Let’s see… Cool name? Check. Outstanding graphics? Yep. A neat idea? 100%. Well, let’s have a look at Age of Space by Podpal Games.

Age of Space (site)

Age of Space (Facebook)

Podpal Games (Twitter)

The best space battle simulator?

Age of Space is what I can only describe as, a space-opera fan’s greatest war simulator, but don’t take my word for it! Check out the images above and below — and while you’re at it, what about having a gander through my chit-chat with the creator of the game, Anders Lindås.

But before that, let’s break down what Age of Space is, and to do it as quickly and informative as possible, here’s a bullet-point style break down of what you can expect in Age of Space.

  • Coined as a “tower defence versus”-genre.
  • You play as a commander of a massive fleet and you’ll have to be tactical in order to take down the enemy.
  • Go online or play as one-of-three factions with their own unique campaign.
  • Customize your ship and play endlessly, watching your greatest triumph unfold or face the consequences of poor management and feel like that one guy watching the destruction of the Death Star in Star Wars: Episode IV.

With Age of Space and Anders, I really wanted to know when the idea first sprouted as I knew the game was originally going to be 2D and a mobile game instead of the 3D PC version we’re getting.

I started working on Age of Space in January 2016 as a solo project. However, the overall concept of making some kind of “battle simulation” between two fleets was born several years earlier when I was heavily into Eve Online.

So, Age of Space is still a relatively new game per se, but the idea has been accumulated over some years. Gotcha.

With most programming, you’ll need to be good or at least decent at math if you don’t want to be left behind or sitting with a headache during most hours of the day. And with a game like Age of Space with battle simulation running events, long strings of code, and probably relying on some kind of AI, you’d believe Anders was some kind of math genius.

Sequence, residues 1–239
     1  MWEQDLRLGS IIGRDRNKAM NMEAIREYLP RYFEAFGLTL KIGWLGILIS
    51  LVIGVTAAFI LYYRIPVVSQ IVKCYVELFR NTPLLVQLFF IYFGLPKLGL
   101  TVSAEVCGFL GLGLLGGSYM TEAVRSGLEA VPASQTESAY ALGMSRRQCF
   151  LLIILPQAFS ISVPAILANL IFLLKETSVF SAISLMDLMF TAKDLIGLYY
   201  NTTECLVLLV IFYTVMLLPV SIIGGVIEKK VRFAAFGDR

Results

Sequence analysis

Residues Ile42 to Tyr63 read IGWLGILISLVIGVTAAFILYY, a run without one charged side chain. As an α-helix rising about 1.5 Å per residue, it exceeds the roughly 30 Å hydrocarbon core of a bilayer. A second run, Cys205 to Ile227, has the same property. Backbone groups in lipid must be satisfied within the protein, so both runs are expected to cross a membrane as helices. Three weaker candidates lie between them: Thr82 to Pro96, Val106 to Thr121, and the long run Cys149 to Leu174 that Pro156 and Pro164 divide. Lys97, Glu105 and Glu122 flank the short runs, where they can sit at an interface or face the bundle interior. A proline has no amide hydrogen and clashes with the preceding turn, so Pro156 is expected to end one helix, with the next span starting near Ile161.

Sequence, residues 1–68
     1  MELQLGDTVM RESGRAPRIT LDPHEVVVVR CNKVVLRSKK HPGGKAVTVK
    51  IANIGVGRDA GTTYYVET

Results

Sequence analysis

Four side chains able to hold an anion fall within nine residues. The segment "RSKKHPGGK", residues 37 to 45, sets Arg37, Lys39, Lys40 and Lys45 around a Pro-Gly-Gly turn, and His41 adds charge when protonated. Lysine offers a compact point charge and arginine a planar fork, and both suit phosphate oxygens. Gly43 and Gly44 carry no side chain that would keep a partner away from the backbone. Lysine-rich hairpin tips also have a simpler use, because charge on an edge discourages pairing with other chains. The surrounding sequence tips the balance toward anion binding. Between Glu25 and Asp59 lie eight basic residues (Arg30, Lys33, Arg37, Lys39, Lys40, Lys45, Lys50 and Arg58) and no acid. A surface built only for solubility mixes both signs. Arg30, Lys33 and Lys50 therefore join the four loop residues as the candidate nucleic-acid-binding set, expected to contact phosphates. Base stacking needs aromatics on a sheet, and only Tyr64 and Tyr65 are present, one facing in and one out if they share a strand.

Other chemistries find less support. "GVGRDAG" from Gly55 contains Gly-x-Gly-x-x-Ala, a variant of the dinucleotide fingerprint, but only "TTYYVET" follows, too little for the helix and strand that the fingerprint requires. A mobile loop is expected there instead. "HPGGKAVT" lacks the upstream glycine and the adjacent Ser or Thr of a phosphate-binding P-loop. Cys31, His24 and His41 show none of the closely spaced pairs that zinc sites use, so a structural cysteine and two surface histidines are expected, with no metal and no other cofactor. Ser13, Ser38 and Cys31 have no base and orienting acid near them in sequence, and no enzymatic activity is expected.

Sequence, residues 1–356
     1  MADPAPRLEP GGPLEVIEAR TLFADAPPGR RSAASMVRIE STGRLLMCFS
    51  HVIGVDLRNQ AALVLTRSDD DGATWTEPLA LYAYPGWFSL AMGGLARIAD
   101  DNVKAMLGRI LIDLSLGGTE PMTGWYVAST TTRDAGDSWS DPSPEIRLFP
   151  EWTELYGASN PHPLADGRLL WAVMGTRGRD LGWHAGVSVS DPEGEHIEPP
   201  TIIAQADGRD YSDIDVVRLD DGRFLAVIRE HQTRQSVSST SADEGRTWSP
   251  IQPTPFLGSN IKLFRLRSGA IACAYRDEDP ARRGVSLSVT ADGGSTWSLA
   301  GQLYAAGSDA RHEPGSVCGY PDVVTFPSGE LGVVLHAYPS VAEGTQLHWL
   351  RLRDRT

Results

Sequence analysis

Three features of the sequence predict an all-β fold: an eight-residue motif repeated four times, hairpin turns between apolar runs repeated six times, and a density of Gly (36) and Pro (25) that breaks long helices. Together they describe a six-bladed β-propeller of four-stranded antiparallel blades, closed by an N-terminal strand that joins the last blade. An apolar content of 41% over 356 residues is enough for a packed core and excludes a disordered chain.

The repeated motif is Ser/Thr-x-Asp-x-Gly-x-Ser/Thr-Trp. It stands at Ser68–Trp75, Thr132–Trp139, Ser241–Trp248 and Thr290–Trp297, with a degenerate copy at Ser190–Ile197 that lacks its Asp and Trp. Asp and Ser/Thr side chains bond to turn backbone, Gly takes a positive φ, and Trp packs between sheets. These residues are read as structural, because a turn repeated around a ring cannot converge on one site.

Frankly, I am as surprised as you are.

I’ve been wanting to get into game development since I was around 10 years old when I started writing my first programs in BASIC. After I started at the university I was hit by a huge monster called “math” that killed my ideas of becoming a game developer and sent me down a different path. In recent years I decided to take a look at Unity and see what it was all about.

Following this is something all aspiring game developers who also struggle with math should learn now rather than later.

To my great surprise I found that I was able to quickly get results without having to deal with the difficult math. The last two years I’ve been taking steps to change my career path towards game development.

Failure doesn’t mean failure. It never does, it’s usually what you do after experience a failure that determines how much a failure that failure actually was. Wording aside, there’s a message in that, and it’s something Anders can attest to:

We’ve had all kinds of amazing things happening to us the last year. However, I must admit I was a bit disappointed when we received the message that we did not qualify for the “Nordic Game Discovery Contest” qualifier in Oslo. After seeing which kind of companies that got selected it made perfect sense though. However, that situation turned around completely when we got a late invitation to participate and even ended up winning the qualifier which sent us on yet another high.

All that’s left to ask, is what’s next?

I want to continue to build PodPal Games and hopefully make a handful of great games. If I ever get tired of making games I’d love to work with scientists solving the mysteries of consciousness.

However, adding that:

I hope that Age of Space will be well received at launch. I also hope that some people stick around for years to complete in multiplayer for the top ranks.